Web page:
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The farmers hereabouts have begun in earnest in the past three or four days to denude their fields of the summer’s crop of wheat and hay. If I were, in my usual presumptuous way, to assume it was about me I could almost guess they are working their butts off, as they do year round, to rub it in as I spend my last two days in my beloved Haut Var.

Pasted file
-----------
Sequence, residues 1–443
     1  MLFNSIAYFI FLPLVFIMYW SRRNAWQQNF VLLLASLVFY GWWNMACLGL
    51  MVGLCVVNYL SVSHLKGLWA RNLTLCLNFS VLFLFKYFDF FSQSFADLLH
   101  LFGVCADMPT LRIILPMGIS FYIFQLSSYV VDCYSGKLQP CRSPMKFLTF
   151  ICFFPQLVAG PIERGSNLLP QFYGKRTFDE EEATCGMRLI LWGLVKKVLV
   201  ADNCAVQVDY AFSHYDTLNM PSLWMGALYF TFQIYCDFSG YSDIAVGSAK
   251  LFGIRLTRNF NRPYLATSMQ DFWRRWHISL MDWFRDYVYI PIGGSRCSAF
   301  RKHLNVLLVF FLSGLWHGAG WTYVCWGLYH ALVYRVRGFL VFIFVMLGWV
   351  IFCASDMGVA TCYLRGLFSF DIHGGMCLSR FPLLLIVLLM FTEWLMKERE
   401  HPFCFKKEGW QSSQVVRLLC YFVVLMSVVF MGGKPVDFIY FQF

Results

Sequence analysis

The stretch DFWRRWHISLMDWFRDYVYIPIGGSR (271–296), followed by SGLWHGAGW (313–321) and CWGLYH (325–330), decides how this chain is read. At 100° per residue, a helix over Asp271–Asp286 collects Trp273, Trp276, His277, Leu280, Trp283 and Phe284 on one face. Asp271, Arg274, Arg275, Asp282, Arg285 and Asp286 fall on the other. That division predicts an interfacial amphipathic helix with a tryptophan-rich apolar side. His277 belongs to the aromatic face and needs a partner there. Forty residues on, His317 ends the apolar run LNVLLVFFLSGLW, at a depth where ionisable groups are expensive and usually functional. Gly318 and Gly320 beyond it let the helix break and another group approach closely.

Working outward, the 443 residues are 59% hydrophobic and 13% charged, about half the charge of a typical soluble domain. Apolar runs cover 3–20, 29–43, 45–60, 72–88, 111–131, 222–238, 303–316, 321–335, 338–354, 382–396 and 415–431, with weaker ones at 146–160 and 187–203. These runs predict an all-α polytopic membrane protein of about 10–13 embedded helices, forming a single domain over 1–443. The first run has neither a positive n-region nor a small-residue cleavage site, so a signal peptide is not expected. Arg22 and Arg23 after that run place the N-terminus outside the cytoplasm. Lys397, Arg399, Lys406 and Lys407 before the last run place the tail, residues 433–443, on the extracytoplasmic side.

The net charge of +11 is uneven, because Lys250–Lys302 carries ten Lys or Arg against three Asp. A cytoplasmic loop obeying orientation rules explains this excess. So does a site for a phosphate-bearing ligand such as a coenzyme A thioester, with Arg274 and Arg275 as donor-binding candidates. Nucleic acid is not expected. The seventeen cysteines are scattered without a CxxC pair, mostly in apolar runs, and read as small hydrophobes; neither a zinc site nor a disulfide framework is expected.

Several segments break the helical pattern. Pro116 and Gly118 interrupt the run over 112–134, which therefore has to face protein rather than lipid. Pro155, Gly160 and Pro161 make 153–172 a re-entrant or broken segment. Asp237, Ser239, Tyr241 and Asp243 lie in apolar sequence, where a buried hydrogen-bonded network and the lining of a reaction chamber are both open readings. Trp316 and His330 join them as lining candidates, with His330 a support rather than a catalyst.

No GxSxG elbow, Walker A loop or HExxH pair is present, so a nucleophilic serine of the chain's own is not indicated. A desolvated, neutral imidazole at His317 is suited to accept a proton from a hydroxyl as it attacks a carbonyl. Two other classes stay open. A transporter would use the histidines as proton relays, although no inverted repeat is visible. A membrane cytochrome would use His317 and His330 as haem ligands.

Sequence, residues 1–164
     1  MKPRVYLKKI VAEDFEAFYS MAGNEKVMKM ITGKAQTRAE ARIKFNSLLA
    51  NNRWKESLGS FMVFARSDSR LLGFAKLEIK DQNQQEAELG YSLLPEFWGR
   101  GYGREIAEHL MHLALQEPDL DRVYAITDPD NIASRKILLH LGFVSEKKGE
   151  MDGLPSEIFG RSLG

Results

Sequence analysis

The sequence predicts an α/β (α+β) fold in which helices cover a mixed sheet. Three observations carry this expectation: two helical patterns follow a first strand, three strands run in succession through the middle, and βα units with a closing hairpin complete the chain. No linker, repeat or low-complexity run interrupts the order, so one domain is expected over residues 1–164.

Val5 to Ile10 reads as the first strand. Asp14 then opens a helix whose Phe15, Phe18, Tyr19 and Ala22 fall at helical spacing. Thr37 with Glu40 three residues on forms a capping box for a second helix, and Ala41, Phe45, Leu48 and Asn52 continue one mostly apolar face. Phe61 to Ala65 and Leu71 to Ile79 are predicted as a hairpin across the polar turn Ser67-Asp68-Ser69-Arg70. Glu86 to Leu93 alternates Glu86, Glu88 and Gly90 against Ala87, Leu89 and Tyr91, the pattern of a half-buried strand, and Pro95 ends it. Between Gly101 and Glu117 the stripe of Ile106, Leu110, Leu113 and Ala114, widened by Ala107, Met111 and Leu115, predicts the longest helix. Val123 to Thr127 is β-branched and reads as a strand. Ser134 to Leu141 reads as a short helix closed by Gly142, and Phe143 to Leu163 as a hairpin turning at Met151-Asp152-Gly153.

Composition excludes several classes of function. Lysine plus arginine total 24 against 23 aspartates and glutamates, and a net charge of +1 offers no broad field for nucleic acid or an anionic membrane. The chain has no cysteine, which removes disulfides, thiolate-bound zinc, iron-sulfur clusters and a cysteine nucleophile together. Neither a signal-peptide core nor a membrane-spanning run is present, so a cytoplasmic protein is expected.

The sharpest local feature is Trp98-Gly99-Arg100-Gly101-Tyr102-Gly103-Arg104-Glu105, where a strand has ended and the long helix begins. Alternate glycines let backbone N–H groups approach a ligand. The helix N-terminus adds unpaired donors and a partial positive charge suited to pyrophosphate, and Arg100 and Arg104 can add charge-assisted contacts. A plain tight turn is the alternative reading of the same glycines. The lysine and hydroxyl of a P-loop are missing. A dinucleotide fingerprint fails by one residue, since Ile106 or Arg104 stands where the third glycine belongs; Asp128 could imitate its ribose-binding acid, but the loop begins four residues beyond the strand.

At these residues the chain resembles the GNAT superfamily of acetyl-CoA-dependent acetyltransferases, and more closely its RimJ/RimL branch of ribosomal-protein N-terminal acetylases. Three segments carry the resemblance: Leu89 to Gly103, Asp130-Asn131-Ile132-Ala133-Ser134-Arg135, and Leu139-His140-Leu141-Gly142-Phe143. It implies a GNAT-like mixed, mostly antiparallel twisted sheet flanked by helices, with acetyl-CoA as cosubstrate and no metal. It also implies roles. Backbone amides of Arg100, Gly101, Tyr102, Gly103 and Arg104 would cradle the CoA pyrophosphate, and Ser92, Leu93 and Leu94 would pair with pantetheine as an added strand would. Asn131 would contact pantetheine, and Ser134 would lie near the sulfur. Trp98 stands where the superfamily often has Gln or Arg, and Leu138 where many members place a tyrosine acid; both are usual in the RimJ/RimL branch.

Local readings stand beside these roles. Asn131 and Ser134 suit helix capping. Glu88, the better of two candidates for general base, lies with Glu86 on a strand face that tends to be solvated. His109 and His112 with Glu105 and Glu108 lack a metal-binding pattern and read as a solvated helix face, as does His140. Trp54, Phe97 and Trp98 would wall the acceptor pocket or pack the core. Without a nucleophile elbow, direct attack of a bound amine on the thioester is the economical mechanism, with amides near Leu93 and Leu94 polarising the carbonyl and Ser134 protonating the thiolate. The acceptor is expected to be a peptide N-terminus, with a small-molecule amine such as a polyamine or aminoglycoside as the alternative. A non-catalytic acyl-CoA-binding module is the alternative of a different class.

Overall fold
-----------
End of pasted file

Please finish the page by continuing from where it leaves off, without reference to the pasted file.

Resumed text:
Driving through the countryside borrowing the fresh eyes of first-time guests, one might suppose, as they do, that what they mainly grow is grapes. So multitudinous and wide-spread are the vineyards, and so alien to the vision of U.S. Northeasterners, all these domaines do give the impression this is the chief, perhaps the only, crop. Equally alien to us Yankees, of course, are acre after acre of wheat, the deep tawny shade of a mature crop. It’s a color of great depth and richness, somewhere in a highly selective spectrum of mine, between amber and yellow ochre and gamboge. Of course, this being Provence, the color changes with the light, and the time of day, and sometimes moment to moment. And if the wind is blowing, forget it.